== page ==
Back in July 2019, my first stop in the States on home assignment was Colorado, where I visited my brother Eli, who lives in another beautiful region of the world, where he is surrounded by mountains instead of jungles. He was excited to introduce me to one of his new hobbies, mountain biking.
That intense adventure with my brother in the Colorado mountains led me to reflect on intense adventures with Jesus in an Amazon village.
A few days after the bike ride, I jotted down some thoughts and analogies, which I will attempt to explain and share in the next couple posts. (I had been in the village right before visiting my brother, so the following reflections are based on experiences which had recently happened there).
For someone who has done quite a bit of road biking over the years, this experience was a first. The unpaved, rocky trails twisted up and down and through the mountains, impossible to predict.
Within the first twenty minutes, I didn’t turn sharply enough for a curve and flew over the handlebars. Losing control and wondering how hard I’d hit the ground was terrifying. Nevertheless, flying through the air, while not very safe, did bring a certain sense of exhilaration. And even from the vantage point of lying in the dirt, spitting some of it out of my mouth, the view of the surrounding mountains was beautiful. Thankfully, I sustained only some bruises, a tiny cut, and a few thorns.
This incident reminded me of a verse that had strengthened my heart on many occasions during the first several months of 2019.
“The steps of a good man are ordered by the LORD: and he delighteth in his way. Though he fall, he shall not be utterly cast down: for the LORD upholdeth him with his hand.” Psalm 37:23, 24
Many times in the village, when hitting sharp curves or unexpected major bumps in ministry, it felt like I had flown over the handlebars, and was lying bruised on the trail. The unpleasant sensation of tasting gritty dirt in those moments was surpassed by the delight of seeing God’s glory in the surrounding beauty and tasting the rich flavors of grace. Even though I sometimes fell into doubt, discouragement and even fear, the Lord upheld me and I was never utterly cast down.
Can grace ever be more precious than in moments when Jesus picks us up, brushes us off, pulls a thorn out of our knee, and reminds us that He loves us and that with Him as our Guide and Protector, we are more than conquerors?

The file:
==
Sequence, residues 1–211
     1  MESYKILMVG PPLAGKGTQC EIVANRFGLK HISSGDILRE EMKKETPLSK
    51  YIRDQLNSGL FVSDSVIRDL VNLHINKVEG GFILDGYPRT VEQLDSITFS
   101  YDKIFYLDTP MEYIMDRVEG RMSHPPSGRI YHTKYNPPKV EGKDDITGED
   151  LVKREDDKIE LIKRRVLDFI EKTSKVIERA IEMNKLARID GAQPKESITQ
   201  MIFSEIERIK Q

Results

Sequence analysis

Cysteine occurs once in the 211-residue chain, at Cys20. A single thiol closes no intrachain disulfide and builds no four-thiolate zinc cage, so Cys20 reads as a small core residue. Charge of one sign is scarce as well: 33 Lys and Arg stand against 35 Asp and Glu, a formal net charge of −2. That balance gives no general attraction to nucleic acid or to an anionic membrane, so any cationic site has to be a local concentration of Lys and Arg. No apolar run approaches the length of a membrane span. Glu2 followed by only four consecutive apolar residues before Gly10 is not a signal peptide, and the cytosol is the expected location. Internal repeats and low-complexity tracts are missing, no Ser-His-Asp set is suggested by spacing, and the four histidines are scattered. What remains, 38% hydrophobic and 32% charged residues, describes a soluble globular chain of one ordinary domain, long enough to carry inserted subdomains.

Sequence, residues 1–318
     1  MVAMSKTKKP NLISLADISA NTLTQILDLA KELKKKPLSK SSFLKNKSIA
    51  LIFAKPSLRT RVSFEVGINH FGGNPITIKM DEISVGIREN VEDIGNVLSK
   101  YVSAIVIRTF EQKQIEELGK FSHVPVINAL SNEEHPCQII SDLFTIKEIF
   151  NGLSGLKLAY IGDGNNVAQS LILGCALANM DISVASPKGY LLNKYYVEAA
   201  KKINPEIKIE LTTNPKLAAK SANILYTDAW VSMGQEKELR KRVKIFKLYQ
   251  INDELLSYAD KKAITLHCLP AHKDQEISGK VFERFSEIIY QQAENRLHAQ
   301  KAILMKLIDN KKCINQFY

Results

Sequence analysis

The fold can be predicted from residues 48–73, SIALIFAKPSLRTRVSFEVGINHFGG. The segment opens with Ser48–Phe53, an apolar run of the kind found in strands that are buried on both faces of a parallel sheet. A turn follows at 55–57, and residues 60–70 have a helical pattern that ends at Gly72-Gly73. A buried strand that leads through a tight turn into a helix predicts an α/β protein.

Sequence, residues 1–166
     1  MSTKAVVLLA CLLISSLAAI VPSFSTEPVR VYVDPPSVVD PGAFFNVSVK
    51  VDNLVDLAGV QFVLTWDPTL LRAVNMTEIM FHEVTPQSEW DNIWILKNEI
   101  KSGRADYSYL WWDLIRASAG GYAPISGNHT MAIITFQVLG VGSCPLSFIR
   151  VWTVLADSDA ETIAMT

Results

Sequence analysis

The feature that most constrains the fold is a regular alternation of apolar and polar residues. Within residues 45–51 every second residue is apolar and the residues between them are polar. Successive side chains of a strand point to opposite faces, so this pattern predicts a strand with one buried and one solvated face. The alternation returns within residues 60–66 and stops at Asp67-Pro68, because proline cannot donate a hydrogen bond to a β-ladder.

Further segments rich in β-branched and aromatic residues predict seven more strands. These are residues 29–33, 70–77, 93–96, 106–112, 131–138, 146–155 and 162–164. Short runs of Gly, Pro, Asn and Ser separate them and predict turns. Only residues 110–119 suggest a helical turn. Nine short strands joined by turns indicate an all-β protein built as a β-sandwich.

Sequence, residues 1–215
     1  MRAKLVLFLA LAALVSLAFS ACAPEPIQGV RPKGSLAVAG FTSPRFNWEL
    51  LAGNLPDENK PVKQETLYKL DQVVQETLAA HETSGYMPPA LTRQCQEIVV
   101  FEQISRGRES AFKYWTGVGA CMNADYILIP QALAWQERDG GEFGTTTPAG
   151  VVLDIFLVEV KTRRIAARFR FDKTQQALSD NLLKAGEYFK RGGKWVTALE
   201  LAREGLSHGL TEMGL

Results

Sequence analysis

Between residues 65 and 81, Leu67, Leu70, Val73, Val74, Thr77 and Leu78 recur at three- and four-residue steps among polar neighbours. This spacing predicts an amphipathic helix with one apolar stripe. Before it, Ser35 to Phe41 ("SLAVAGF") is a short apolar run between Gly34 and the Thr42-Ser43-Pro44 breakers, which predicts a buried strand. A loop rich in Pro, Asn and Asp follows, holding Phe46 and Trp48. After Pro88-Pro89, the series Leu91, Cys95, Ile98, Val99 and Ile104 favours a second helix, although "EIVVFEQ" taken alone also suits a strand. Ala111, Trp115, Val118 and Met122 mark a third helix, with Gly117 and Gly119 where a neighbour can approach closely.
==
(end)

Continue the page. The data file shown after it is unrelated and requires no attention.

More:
You see, it doesn’t matter how rough or intense the trail is if the trail guide is fearless and competent.
Eli made the trail look so easy, zipping up and down each incline with grace and skill. Our expedition was his idea. He was the one who planned it and invited me to participate in an adventure that would have been foolhardy to attempt on my own. All I had to do was go along for the ride, confident that Eli knew what he was doing and that we would have a great time together. I felt honored and privileged that Eli included me in this aspect of his life.
Missions is Jesus’ idea. He is the One who is building His church, calling out His Bride from every tribe, language, people, and nation. He laid a plan which started before the foundation of the world and reaches to the ends of the earth. Jesus wants the villagers and the rest of their people to know Him and become His disciples, and He invited me to participate in this part of His mission. What an honor and privilege to be included in what He is doing!
It would be foolish to go to dark places and preach the gospel on our own.
But the expedition narrative changes with Jesus as our Master and Leader, our Trail Guide.
In Jesus alone we find confidence to set out on the winding, rocky path. We journey to jungle villages and other places knowing that the One we follow is completely dependable and worthy of our allegiance. While Jesus doesn’t tell us the details of what will happen as we obey His great commission, He promises that He will be with us always, even unto the end of the world.
We have counted the cost and realized that the joy and delight of relationship with Jesus far surpass the risk and danger of riding with Him. Believing that safety and health and comfort are overrated, we relinquish any perceived rights to these benefits. Moreover, safety and health and comfort are not actually guaranteed to anyone, no matter where a person lives and works.
Just as mountain trail biking isn’t the safest outdoor activity, life on the mission field is not safe. In recent months I’ve realized more profoundly the levels of risk and peril involved in this calling.
This journey has been lonelier and rockier than anticipated, so intense that it has required nearly every ounce of focus and concentration just to stay the course. All I could do was follow hard after Jesus, 40 hours/week of ACL* with my village friends, and just enough cooking and dishwashing and laundry to get by. There was no leftover physical, mental or emotional energy for anything else. So I streamlined routines, simplified life, and cut nonessentials. I stopped blogging, didn’t plan for home assignment, rarely even called family or responded to e-mails. It was survival mode.
(*Acquisition of Culture and Language)
With God’s help, I tried my best to keep my eyes on Jesus and the people He sent me to, and not let anything else waste precious energy and attention. Nevertheless, a few minor crashes occurred, but by the grace of God, no injuries worse than scrapes and non-life-threatening wounds. I’m entering home assignment bruised and weary, yet with a spring in my step and a smile that emanates from a secret, deeper place of joy than I even knew existed a year ago. This is still the best life ever, and I wouldn’t trade it for anything.